Families Change Teen Guide to Separation & Divorce

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Common-law Parents

Some parents aren't married. They chose to live together without getting married. In legal terms, they are called “common-law” couples.

When common-law parents stop living together, they don't have to get a divorce because there is no marriage to end. But they do need to decide what will happen to their kids and how they will divide their property.

The laws on custody and visiting rights are the same for married couples as they are for common-law couples. Parents need to decide on living arrangements for the kids and on visiting rights, so that both parents have a chance to spend time with the kids. If common-law couples can’t agree, they have to go to court to ask a judge to decide.

Q & R

Q:
Who decides who I will live with? Do I get a say?
A:

Ideally, your parents will make the decisions together about who you’ll live with and how that will work.

If they can't decide themselves, they might go to a mediator for help in reaching an agreement. Or they might have to go to court and have a judge make the decisions for them.

Whether your parents make the decisions about custody and visiting rights themselves, or with the help of a mediator or a judge, your opinion should be taken into account.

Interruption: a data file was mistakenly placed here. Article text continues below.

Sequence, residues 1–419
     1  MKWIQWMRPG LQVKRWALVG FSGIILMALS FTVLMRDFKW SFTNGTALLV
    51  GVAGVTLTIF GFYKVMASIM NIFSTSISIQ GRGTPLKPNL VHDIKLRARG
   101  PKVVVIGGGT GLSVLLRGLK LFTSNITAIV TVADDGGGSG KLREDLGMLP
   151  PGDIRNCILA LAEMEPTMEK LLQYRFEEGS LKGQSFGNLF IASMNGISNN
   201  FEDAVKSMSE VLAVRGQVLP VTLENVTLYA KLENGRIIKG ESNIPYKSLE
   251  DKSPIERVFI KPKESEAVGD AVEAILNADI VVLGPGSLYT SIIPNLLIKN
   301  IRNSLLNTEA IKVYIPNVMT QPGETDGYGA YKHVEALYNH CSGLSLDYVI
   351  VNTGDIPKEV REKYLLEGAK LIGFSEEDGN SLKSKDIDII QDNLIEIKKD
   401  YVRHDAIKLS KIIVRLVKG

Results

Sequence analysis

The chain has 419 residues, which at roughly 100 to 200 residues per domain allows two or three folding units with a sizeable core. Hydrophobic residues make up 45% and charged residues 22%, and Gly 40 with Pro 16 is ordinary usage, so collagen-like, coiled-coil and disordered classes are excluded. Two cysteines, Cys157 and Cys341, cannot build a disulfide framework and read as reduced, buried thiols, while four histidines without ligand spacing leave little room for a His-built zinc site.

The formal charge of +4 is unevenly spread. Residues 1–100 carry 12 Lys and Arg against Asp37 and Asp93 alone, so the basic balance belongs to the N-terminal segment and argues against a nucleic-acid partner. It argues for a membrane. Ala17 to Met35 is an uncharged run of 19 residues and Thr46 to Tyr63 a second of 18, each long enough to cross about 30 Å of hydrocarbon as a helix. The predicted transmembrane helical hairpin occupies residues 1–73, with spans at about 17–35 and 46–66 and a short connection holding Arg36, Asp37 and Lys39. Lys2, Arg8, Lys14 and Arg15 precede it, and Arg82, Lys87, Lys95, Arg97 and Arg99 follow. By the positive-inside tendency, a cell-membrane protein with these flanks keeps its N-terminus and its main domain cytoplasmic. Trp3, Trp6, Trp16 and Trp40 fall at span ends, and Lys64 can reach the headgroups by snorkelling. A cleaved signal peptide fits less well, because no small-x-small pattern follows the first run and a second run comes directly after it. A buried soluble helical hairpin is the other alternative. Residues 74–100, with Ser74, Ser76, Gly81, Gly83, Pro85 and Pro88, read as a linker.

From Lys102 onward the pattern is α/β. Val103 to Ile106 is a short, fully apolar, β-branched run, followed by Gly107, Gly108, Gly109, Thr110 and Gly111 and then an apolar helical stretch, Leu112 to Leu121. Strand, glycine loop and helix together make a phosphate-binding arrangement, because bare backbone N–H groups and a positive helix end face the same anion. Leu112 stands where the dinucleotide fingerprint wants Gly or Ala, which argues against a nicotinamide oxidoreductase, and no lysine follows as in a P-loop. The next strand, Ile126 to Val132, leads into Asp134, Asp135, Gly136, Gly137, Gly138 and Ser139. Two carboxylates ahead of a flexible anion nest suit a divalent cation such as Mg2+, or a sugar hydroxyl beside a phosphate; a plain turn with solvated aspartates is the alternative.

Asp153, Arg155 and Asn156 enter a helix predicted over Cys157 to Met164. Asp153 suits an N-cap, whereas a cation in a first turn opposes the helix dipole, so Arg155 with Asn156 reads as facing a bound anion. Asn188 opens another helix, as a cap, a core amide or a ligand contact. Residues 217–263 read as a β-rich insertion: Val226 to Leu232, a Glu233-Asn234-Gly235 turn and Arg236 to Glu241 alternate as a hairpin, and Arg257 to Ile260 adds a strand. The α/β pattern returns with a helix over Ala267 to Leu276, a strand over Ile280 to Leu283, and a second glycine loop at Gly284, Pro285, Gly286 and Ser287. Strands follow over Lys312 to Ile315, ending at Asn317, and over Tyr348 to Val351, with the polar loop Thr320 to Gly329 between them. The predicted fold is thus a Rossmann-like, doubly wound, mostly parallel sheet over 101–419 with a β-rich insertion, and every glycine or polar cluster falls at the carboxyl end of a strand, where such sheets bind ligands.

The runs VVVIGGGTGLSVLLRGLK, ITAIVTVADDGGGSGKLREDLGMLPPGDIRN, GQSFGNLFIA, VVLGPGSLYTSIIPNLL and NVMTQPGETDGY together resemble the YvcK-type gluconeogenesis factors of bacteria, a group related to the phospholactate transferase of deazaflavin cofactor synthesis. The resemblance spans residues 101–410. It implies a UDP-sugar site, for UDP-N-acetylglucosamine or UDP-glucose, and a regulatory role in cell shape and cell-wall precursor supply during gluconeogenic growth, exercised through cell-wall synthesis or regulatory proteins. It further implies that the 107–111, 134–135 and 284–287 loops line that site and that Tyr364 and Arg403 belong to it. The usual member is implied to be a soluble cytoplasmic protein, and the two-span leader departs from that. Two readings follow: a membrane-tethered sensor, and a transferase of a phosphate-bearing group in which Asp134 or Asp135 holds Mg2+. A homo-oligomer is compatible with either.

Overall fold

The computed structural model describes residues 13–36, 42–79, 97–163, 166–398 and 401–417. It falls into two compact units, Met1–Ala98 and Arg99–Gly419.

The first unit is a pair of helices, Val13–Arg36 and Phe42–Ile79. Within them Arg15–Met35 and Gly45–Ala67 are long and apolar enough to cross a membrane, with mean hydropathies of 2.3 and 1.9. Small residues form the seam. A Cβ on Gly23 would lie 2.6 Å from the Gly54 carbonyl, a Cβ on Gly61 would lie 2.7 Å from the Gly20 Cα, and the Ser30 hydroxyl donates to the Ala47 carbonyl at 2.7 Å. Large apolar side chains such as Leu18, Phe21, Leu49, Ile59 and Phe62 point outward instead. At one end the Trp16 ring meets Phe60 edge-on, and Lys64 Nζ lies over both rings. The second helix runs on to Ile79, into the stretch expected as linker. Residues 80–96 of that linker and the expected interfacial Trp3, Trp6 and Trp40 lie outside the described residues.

Q:
What is the difference between legal separation and divorce?
A:

When two people who are married decide to split up, they need to get a divorce to legally end their marriage.

They can also decide to get a legal separation and divide up their property. They have to go to court for this, but this does not end the marriage. Divorce is the only way to end a marriage. To learn more about “legal separation” visit Éducaloi’s website.

Q:
My parents never married. Do they have to go through the same process that married parents do when they split up?
A:

Common-law parents — parents who chose to live together without getting married — don't get a divorce because there is no marriage to end. But they do need to decide what will happen to their children and how they’ll divide their property.